Back to doodling on Pantzer (a "drive a tank through wire-frame landscape" game). I now have enemy tanks. They're apallingly stupid (they know how to move forward in a straight line). Hopefully, I shall be alert enough tomorrow morning to make them a wee bit smarter (essentially, "if you can see player, turn slightly to get a better angle and move quickly; otherwise, turn randomly, preferring to stick with the last used angle and move slower"). This should be slightly fair, even though the player moves at a fixed speed.

THings seems to have settled, if you fancy playing with pre-release code, the python server and client code is available and so is the Common Lisp client library. The latter is ASDF-packaged and will be wanting a serving of trivial-sockets on the side.

o, I've been prodding code. As a matter of fact, I have (mostly) written a client library for creek, in Common Lisp. It was, not ioverly surprising, quicker to write than the Python library. Part of that is down to "I am more used to it", but parts is the ability to skip verbiage.

Most of the protocol glue is handled liek so:

(defmacro defprotofun (namedes (&rest args) &optional doc)
  (let ((fname (if (symbolp namedes) namedes (car namedes)))
        (pname (if (symbolp namedes) namedes (cadr namedes))))
    `(defun ,fname ,args
       ,@(if doc (list doc))
       (send (list ',pname ,@args))
       (parse (creek-read *server-stream*)))))

(defprotofun take (item)) (defprotofun (list-maps listmaps) () "Return all maps defined on the server")

This is because the protocol is designed to be human-friendly and quite close to what you'd do in code, so the "trivial" functions are (essentially) "build a protocol string, ship to server, read response, parse response" (object creation and object cacheing is part of the parsing stage).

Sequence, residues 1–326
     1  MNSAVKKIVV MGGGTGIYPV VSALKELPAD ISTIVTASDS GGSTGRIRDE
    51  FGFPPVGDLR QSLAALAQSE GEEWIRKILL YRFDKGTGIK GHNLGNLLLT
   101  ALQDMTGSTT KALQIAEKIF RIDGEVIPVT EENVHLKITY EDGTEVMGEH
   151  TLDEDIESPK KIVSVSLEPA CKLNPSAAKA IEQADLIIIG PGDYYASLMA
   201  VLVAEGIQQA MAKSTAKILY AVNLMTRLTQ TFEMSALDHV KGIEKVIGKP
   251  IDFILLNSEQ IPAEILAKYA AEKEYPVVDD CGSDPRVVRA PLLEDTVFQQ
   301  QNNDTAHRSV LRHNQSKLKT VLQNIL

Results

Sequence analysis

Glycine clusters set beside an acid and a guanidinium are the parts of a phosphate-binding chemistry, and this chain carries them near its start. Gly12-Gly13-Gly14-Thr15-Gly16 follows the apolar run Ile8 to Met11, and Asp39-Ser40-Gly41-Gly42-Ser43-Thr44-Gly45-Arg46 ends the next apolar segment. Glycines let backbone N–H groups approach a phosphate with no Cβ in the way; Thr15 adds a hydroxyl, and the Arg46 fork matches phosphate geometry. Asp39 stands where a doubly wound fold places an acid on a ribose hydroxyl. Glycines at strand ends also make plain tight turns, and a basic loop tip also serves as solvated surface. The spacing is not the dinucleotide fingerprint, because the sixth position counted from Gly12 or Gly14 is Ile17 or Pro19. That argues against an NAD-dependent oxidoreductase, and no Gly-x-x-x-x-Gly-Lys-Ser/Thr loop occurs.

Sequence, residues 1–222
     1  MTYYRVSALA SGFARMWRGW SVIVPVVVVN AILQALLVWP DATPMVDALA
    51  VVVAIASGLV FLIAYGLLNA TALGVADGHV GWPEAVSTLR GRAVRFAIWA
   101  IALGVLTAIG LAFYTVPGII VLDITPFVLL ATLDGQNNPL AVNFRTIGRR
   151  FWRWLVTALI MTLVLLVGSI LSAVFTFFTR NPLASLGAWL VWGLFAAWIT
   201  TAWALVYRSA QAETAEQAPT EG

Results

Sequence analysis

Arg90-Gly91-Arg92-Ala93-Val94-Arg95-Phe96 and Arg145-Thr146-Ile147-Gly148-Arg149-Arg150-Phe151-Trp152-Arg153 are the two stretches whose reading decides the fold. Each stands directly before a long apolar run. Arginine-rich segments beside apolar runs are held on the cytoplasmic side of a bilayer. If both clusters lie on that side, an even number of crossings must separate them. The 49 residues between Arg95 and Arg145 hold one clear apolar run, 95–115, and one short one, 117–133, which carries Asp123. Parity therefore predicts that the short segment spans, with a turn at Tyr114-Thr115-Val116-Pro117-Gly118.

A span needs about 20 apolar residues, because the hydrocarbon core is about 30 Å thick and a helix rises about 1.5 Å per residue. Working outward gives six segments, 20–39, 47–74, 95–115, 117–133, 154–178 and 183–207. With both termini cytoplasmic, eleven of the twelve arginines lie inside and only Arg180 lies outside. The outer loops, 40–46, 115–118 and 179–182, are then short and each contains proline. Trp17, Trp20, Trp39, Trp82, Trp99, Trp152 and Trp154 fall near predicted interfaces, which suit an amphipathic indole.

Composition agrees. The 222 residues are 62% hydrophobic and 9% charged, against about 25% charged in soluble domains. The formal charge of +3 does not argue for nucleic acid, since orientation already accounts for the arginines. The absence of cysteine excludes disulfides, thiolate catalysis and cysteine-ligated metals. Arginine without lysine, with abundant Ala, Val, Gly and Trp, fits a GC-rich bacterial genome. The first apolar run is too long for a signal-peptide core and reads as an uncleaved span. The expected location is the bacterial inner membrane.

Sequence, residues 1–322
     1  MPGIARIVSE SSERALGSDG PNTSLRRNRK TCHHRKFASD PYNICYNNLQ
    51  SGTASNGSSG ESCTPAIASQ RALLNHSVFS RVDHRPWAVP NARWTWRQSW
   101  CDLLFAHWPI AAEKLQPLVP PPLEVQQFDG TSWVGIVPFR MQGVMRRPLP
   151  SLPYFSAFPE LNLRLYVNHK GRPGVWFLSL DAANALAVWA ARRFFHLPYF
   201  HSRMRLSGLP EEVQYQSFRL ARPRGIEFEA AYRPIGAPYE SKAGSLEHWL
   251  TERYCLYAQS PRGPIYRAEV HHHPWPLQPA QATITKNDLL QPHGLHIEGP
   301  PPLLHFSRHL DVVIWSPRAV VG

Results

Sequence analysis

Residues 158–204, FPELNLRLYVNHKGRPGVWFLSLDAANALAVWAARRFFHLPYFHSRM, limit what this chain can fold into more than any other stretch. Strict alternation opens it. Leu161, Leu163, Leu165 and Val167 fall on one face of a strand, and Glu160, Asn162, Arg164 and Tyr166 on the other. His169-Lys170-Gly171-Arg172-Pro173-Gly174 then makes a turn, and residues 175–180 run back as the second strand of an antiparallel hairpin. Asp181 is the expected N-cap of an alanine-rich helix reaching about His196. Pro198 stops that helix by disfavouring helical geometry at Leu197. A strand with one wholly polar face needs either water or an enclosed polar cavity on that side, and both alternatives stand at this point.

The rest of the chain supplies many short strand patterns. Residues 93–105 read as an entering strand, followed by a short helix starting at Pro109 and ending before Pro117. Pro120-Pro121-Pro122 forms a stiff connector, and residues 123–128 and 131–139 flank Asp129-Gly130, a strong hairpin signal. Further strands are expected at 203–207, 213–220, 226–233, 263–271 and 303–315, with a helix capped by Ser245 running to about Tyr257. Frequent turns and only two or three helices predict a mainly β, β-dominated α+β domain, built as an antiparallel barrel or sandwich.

After I wrote the first two glue functions, i noticed that they were, effectively, identical and thouhg "Ah, macro time!". I then realised that a few of the protocol command were somewhat unlispish, so the macro got modified to accomodate a (possible) split between "lisp function name" and "protocol call". Then I added the option to add doc-strings.

As soon as the server is slightly more ready and a bit more tested with both client libraries and test-installed, there will be tarballs (one for the python stuff and a signed package suitable for asdf-install).

Apparently, I've been a bit lax in making known what things are and have so, inadvisedly, caused confusion.

The latest hack is "creek", a client/server workflow thingie back-ending ontyo a MySQL database (changing it from MySQL to something else that is (a) supported by Python and (b) has DictCursors should be fairly simple, I am, as far as I know, staying WELL within the standard SQL syntax).

Main reason why naming it might've slipped my mind is taht I've been doodling on it back and forth for the last three years (most coding has been done within the last 3 months, with some coding being done late 2003 and early 2004, most notably the reader for the network protocol).